Partnership with General Assembly will provide 15,000 workers with essential knowledge
Microsoft and education provider General Assembly (GA) have partnered to close the artificial intelligence (AI) skills gap. The effort will provide 15,000 workers with relevant industry knowledge in AI, cloud, data engineering, machine learning, data science and more over the next three years.
Technologies like AI are creating demand for new worker skills and competencies. According to the World Economic Forum, there could be up to 133 million new roles created as a result of machine and algorithms in industry. Microsoft and GA will prepare 2,000 workers for this job transition in their first year, training another 13,000 in the next three years.
“AI is driving the greatest disruption to our global economy since industrialisation and Microsoft is an amazing partner as we develop solutions to empower companies and workers to meet that disruption head on,” said Jake Schwartz, CEO and co-founder of GA. “At its core, GA has always been laser-focused on connecting what companies need to the skills that workers obtain and we are excited to team up with Microsoft to tackle the AI skills gap.”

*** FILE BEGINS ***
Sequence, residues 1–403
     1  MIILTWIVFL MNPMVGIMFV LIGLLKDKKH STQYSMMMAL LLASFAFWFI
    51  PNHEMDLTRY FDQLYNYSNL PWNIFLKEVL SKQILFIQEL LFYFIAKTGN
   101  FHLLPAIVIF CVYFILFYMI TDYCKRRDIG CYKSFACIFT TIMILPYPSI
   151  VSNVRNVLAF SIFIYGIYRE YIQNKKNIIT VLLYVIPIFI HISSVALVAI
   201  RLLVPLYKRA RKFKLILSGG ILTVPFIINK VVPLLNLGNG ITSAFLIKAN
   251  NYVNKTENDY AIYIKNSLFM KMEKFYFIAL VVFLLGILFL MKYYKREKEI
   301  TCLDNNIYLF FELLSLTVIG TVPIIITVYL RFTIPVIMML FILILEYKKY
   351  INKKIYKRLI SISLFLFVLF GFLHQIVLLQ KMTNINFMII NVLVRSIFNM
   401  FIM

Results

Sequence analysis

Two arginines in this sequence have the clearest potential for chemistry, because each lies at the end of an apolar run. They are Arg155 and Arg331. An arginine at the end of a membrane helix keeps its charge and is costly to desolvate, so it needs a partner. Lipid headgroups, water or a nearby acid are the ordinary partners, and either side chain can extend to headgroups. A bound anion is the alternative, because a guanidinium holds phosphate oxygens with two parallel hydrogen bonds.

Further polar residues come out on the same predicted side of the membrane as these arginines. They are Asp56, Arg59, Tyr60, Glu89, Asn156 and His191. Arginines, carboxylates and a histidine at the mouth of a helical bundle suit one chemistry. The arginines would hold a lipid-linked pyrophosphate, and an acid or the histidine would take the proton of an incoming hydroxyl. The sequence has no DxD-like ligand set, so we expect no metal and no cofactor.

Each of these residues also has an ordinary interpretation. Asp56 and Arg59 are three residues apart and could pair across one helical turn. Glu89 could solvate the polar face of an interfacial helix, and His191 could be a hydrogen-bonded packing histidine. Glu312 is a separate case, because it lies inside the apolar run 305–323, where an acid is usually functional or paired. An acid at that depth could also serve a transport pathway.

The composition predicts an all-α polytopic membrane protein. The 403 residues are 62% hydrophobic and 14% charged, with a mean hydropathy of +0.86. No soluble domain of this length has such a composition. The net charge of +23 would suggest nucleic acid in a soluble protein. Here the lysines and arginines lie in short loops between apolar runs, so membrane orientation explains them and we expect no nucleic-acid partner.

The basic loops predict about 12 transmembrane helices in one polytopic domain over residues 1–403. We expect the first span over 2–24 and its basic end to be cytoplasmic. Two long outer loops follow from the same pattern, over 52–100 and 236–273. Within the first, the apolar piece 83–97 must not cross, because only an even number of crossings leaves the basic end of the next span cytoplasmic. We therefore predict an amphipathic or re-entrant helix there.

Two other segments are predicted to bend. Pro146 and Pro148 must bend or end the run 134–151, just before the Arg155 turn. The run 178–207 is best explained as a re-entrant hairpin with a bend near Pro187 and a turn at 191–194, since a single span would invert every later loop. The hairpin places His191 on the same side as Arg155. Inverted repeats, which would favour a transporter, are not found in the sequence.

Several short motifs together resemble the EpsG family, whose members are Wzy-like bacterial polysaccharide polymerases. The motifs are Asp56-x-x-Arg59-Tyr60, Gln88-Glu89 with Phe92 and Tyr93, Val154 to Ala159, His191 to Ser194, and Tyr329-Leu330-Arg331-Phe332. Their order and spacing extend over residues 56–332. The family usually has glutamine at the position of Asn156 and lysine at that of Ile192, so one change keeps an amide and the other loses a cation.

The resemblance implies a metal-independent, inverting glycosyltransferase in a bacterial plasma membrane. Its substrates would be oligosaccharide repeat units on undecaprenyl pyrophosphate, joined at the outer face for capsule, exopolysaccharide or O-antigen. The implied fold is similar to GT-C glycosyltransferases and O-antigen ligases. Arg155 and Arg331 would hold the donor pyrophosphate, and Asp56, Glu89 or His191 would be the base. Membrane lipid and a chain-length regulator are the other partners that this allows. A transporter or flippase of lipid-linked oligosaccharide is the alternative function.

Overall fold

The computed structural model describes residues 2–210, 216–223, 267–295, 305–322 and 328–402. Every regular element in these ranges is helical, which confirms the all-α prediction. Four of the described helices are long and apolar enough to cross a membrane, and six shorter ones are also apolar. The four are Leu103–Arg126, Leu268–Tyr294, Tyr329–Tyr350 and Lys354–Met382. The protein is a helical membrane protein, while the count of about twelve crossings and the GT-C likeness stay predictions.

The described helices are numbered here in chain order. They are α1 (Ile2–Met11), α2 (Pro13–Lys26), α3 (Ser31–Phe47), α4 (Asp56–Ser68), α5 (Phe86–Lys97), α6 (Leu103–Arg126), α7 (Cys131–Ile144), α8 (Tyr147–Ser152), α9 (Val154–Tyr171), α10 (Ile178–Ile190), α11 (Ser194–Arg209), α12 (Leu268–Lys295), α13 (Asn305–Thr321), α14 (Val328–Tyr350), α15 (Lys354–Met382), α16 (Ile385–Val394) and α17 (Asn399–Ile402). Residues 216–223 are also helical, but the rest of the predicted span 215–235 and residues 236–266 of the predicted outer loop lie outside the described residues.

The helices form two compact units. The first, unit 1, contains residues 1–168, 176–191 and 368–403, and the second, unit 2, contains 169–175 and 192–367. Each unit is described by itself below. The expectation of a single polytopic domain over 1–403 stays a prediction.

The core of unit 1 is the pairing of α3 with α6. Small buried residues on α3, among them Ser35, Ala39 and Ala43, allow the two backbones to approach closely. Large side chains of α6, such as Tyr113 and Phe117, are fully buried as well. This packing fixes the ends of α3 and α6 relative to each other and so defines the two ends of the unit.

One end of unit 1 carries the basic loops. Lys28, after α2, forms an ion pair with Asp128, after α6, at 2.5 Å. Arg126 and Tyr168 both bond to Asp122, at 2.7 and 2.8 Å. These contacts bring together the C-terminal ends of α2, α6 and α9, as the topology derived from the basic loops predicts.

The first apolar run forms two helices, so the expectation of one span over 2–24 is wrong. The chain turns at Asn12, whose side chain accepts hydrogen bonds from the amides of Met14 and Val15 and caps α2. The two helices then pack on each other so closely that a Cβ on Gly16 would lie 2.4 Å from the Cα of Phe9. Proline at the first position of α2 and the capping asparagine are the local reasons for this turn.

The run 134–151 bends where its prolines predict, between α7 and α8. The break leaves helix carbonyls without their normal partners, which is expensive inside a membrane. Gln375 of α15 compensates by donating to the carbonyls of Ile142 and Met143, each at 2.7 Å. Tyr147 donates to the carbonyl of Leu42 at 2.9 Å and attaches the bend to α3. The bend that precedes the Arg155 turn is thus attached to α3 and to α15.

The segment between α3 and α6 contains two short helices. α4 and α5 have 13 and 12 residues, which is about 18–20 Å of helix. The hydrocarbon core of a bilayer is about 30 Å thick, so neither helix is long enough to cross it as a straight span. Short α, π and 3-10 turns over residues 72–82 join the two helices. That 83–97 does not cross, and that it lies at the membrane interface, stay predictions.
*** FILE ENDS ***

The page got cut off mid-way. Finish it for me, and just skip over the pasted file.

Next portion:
The firms’ joint programme will focus on setting the standards for AI skills, developing AI training solutions for organisations and creating a sustainable talent pool of workers with AI skills.
To create consistent standards for AI skills, GA has made Microsoft the founding member of AI Standards Board, which will define the skills standards, develop assessments, design a career framework and build an industry-recognised credential for these skills.
“As a technology company committed to driving innovation, we have a responsibility to help workers access the AI training they need to ensure they thrive in the workplace of today and tomorrow,” said Jean-Philippe Courtois, executive vice president and president of Global Sales, Marketing and Operations at Microsoft. “We are thrilled to combine our industry and technical expertise with General Assembly to help close the skills gap and ensure businesses can maximise their potential in our AI-driven economy.”